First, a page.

How Playing Patience Can Help Increase Your Intelligence
Patience, or solitaire is a card game that has risen in popularity since the launch of computers. Basic forms of the game were available on every version of Microsoft Windows, from Windows 3.0 up to Windows 7, and newer devices offer a varied selection that have proven to help with intelligence.
David Parlett, Penguin Book of Patience (1979), says: "Patience is the mental equivalent of jogging: its purpose is to tone the brain up and get rid of unsociable mental flabbiness."
A recent study conducted by Betfair Casino
found that the number of people who know how to play traditional card games has risen, due to their availability on computers, tablets and phones.
Even though only one in every twelve 18 – 55 year olds know how to play Baccarat, close to one in every four understand the rules of poker and a massive three out of four know how to play Patience and Blackjack.
Known throughout the world, Patience is a fun game that can be played by anyone anywhere. Often referred to as soothing and entertaining, the game has been around for over 200 years
and there is observably a reason why.
Simulating, yet also relaxing, Patience makes players think logically about what they are trying to achieve and usually leads to a rise in intellect. As the cards change each game, the brain has to adapt quickly and is constantly being used. It has to apply different strategies, which generates different mental skills and helps strengthen mentality.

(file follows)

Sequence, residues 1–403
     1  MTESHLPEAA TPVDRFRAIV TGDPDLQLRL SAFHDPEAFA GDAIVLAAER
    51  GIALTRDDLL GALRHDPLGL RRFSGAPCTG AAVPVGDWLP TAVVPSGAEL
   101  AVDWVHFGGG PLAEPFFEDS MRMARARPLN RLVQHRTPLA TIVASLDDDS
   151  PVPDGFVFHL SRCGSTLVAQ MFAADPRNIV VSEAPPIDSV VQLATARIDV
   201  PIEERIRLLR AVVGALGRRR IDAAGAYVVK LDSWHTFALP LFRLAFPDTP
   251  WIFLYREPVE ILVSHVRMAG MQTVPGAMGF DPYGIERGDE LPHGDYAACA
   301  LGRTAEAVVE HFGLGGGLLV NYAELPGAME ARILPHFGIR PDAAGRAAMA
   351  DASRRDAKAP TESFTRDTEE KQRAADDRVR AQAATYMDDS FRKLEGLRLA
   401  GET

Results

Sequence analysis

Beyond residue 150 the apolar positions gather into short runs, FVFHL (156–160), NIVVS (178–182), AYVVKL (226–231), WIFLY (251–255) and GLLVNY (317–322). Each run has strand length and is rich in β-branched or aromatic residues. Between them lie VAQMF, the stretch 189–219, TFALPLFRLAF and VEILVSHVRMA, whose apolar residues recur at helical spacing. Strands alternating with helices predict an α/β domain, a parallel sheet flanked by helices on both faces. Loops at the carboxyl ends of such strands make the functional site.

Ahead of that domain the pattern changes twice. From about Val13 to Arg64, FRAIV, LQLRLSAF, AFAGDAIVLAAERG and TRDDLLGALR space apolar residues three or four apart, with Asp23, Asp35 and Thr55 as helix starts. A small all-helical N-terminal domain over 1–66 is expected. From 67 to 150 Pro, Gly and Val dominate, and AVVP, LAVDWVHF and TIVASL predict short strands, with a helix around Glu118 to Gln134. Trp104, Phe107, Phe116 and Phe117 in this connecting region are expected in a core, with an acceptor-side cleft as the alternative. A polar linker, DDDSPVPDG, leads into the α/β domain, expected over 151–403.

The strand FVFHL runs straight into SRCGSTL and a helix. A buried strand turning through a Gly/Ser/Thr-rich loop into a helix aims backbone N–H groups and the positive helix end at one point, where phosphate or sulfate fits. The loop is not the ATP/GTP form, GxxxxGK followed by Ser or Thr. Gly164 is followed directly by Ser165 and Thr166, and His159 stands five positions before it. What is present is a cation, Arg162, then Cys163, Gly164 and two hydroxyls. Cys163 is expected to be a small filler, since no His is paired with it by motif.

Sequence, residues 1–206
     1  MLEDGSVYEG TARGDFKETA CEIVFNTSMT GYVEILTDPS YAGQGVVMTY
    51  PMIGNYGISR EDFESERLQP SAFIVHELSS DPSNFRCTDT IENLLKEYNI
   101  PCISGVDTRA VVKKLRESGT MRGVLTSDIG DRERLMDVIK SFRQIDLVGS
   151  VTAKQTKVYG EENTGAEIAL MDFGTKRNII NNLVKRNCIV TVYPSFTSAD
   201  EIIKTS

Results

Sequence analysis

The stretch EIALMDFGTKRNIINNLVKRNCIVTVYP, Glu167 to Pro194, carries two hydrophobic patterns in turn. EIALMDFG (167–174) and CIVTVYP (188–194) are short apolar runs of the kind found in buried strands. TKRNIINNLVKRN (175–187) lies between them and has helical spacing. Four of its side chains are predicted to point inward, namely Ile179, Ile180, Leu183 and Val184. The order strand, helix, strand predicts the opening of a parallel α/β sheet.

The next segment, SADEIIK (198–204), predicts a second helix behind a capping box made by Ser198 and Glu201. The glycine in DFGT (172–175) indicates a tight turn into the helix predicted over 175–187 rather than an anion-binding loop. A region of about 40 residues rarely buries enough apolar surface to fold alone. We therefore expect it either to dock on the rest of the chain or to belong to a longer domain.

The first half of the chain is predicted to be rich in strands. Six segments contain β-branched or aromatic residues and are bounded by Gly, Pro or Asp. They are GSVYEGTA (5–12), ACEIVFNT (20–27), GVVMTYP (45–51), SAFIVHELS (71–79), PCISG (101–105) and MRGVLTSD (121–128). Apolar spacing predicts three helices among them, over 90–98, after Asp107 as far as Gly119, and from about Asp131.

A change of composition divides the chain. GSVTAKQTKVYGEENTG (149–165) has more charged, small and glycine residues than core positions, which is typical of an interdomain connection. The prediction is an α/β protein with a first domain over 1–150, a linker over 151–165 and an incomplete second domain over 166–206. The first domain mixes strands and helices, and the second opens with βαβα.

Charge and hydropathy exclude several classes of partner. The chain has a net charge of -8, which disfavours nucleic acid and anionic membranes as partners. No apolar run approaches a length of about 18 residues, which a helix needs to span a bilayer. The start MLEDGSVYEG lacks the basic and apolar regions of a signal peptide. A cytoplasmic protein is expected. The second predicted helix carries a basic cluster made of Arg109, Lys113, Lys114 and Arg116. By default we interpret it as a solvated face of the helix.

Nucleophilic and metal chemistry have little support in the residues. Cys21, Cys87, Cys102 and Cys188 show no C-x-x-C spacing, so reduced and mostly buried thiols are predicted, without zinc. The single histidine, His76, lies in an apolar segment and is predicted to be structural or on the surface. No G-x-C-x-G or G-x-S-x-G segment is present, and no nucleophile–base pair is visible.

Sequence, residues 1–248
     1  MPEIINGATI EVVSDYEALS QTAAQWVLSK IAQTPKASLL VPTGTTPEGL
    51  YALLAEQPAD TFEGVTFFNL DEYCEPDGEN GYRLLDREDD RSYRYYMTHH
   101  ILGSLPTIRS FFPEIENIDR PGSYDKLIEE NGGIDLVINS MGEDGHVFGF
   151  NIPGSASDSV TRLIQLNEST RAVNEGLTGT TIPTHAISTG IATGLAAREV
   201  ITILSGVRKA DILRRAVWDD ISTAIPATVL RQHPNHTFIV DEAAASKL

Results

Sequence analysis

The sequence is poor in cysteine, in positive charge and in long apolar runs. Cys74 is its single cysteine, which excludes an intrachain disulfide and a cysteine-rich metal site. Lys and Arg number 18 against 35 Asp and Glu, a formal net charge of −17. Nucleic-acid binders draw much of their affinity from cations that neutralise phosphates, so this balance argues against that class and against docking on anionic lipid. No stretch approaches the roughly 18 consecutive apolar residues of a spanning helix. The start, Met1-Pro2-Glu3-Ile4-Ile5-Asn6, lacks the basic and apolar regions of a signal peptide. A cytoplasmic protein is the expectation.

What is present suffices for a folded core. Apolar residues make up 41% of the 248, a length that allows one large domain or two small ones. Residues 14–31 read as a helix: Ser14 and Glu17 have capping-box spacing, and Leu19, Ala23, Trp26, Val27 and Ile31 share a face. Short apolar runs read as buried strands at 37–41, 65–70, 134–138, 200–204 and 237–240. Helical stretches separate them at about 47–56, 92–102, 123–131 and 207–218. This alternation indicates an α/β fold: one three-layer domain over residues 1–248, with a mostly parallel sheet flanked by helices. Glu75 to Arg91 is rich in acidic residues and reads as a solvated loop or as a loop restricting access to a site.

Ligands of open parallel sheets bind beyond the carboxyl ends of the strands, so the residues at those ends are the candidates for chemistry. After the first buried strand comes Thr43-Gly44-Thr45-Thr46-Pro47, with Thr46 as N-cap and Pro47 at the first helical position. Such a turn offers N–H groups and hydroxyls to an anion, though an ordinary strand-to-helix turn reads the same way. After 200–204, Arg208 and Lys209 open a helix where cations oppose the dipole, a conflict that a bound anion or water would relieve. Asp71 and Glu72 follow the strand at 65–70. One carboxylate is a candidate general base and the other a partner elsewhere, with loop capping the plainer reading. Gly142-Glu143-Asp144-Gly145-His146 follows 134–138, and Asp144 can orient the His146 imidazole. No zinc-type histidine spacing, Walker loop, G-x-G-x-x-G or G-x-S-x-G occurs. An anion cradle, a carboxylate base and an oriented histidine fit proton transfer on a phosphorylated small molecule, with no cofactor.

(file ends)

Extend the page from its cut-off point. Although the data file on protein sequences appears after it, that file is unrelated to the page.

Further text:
Student Eugenia Hopkins, says: “Patience/Solitaire has always been an excellent game where you continuously have to deal with cards, numbers, and have to apply different strategies.”
Additionally, it is thought that Patience can offer players health benefits and both Professor Michael Ridding and Dr Cynthia Green state mentally challenging games can lead to protection against memory loss.
Dr Cynthia Green
, America’s Leading Brain Health Expert, comments: “Card games like solitaire give us an easy and familiar way to ‘challenge’ our brain just a bit each day. As we’ve seen, staying intellectually engaged in this way may give our brains some added protection against memory loss. In addition, games like solitaire can be relaxing and ease emotional distress.”
Sharing Your Knowledge
found those who reported playing games were more likely to have a greater brain volume and it was concluded that, for some individuals, participating in such games could help prevent Alzheimer's disease.
recent research also found that due to card games being more accessible digitally, people are more likely to play solitary games, but it is important to pass on the skill. Most people are more than willing to spend time teaching their friends or children traditional games, however, for those who don’t know how to play what other options are there?
Blogger Amy Mezni, has a solution and says: “My mum played games with us all the time, and I truly believe that is how my brother and I learned our reading and math skills. As a teacher I try to instil a love of games in my students. Games reinforce so many skills and students learn without realising it!
Games can enhance all sorts of skills, showing that even more teachers should be promoting them in the classroom. Gwen Dewar, Doctor of Philosophy
, explains: “Board games are a powerful learning tool and if we teach kids that problem-solving ability is like a muscle: It can be strengthened with practice and learning.”
As most games are now available as apps or computer games, asking students to practise these skills becomes much easier. Children of all ages can then not only mentally challenge themselves on a daily basis, but built their overall intelligence.